The Cal Poly P has been around for almost a century at Cal Poly, overlooking the campus and city of San Luis Obispo.
Safety concerns prompted the university to temporarily close the P while members of the University Union Advisory Board (UUAB) of Associated Students, Inc. (ASI) allocated $100,000 to fund the first major renovation of the P since 1997, according to UUAB chair Sevelyn Van Ronk.
“The students that serve on the UUAB saw a campus need to restore this iconic symbol to ensure that the campus tradition can continue in a safe manner,” Van Ronk said.
On July 9, 2015, a reconstruction project began on the P in order to improve access and movement around the structure.
“The Cal Poly P and various trails leading up to this important campus landmark had erosion damage,” Van Ronk said. “This created potentially unsafe conditions for students who decorated the P, and facility maintenance staff who maintain the P.”
Construction involved rerouting 900 feet of trail and taking corrective measures at its base.
The California Conservation Corps workers have come to reconstruct the P as well as divert water from the upper portion of the hillside to prevent further erosion, Associate Executive Director of ASI Dwayne Brummett said.
“Work began on rehabbing the trails that go up to P in order to create more mature entrances so that people aren’t driving any vehicles up there,” Brummett said. “Also, they are repairing the P itself and trying to retain the walls around the P.”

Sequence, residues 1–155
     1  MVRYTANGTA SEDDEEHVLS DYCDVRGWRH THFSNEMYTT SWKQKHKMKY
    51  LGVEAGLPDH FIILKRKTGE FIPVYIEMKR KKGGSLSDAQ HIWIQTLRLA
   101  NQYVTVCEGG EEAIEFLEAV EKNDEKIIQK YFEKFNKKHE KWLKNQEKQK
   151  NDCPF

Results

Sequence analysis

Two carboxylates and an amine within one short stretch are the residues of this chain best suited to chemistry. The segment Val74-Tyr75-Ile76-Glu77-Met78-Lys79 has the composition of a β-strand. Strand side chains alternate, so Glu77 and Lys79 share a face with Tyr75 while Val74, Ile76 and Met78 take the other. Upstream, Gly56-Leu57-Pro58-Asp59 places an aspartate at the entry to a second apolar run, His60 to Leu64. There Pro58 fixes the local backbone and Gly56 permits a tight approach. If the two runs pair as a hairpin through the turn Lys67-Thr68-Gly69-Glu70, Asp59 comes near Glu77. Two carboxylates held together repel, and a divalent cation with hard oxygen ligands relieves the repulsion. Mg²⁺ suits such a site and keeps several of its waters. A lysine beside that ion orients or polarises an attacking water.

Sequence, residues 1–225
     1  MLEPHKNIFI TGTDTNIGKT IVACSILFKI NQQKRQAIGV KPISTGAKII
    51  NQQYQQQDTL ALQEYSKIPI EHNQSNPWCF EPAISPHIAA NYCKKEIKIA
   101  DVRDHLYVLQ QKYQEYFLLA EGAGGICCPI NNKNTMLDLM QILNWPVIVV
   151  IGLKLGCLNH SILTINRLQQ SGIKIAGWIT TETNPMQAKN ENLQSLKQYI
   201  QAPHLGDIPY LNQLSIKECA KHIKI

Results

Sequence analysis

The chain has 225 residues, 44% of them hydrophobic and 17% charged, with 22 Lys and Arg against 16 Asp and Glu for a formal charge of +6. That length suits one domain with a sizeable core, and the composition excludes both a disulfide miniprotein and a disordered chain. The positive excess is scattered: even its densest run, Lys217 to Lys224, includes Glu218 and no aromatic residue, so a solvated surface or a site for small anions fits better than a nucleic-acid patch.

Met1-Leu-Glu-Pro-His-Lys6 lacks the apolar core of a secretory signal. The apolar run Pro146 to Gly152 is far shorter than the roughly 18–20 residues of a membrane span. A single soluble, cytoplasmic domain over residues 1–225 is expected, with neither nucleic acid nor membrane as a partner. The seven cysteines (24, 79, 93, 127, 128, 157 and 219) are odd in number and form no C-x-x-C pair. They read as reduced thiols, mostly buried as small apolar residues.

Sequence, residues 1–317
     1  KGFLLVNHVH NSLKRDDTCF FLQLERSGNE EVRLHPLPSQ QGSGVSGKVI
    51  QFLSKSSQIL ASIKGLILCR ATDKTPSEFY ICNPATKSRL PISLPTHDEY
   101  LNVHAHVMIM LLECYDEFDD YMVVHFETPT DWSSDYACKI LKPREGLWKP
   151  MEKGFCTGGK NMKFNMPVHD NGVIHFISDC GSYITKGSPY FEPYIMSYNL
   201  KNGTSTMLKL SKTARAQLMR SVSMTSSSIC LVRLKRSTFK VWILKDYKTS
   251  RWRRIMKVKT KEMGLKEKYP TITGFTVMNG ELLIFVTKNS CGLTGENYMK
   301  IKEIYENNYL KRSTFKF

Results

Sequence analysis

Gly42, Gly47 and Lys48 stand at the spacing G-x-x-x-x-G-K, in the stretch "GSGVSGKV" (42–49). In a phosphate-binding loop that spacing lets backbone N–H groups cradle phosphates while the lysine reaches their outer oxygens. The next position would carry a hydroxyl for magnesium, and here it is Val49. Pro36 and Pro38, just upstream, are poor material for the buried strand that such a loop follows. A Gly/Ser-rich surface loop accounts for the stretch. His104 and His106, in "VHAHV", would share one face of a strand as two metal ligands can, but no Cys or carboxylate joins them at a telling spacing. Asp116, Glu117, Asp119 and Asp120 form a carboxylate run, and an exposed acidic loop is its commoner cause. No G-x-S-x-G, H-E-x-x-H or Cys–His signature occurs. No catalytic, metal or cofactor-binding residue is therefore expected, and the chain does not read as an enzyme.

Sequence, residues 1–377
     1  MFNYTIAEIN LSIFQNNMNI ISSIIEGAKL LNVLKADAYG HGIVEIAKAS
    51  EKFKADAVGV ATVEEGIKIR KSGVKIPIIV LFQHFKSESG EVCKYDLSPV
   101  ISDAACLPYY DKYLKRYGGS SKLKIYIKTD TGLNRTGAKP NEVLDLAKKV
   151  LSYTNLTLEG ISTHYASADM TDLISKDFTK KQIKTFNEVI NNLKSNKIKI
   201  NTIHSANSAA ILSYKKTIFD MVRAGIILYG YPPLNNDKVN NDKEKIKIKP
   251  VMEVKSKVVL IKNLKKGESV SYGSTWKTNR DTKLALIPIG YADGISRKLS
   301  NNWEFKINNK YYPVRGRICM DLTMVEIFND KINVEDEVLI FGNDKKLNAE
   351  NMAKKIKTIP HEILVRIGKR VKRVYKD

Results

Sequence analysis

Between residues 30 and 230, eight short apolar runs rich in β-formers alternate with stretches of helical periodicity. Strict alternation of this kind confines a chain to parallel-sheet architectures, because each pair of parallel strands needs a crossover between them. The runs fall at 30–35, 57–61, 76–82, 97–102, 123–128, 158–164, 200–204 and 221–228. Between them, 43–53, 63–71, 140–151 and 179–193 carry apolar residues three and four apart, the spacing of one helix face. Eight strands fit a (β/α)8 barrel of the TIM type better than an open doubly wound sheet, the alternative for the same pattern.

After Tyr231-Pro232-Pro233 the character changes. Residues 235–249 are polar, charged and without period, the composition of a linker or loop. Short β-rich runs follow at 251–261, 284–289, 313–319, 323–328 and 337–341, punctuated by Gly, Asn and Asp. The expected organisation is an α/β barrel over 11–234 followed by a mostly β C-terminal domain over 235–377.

None of these renovations would taken place had the rivalry between Cal Poly, previously a four-year polytechnic high school, and San Luis Obispo High not occurred. Several large stone H letters, standing for High, used to surround San Luis Obispo. In response, Cal Poly students changed the H to P. After a bit of back-and-forth, Cal Poly focused on preserving the P overlooking campus. It has been there ever since.
In 1921, Cal Poly students filled in the rock outline P with calcium hydroxide and powdered lime to further maintain the P.
The P has also been used to represent various events and clubs at Cal Poly. It has been altered, with the use of white bed sheets twisted into letters, to represent the letters of fraternities and sororities. In 1964, the P was changed to GOP and in the 1980s, it was used to spell out “SPRINGSTEEN.”
“I believe that the P stands as an iconic symbol of school spirit for Cal Poly,” Van Ronk said. “Decorating the P and using it to spread messages is a long-standing campus tradition.”
The Cal Poly P will be reopened in the next few weeks before Thanksgiving, Brummett said.
“UUAB has been talking about the best way to create an event to commemorate the finished construction of the P,” Brummett said. “The P will probably be unveiled mid-November at a ribbon-cutting celebration where local folks and students can come and celebrate it.”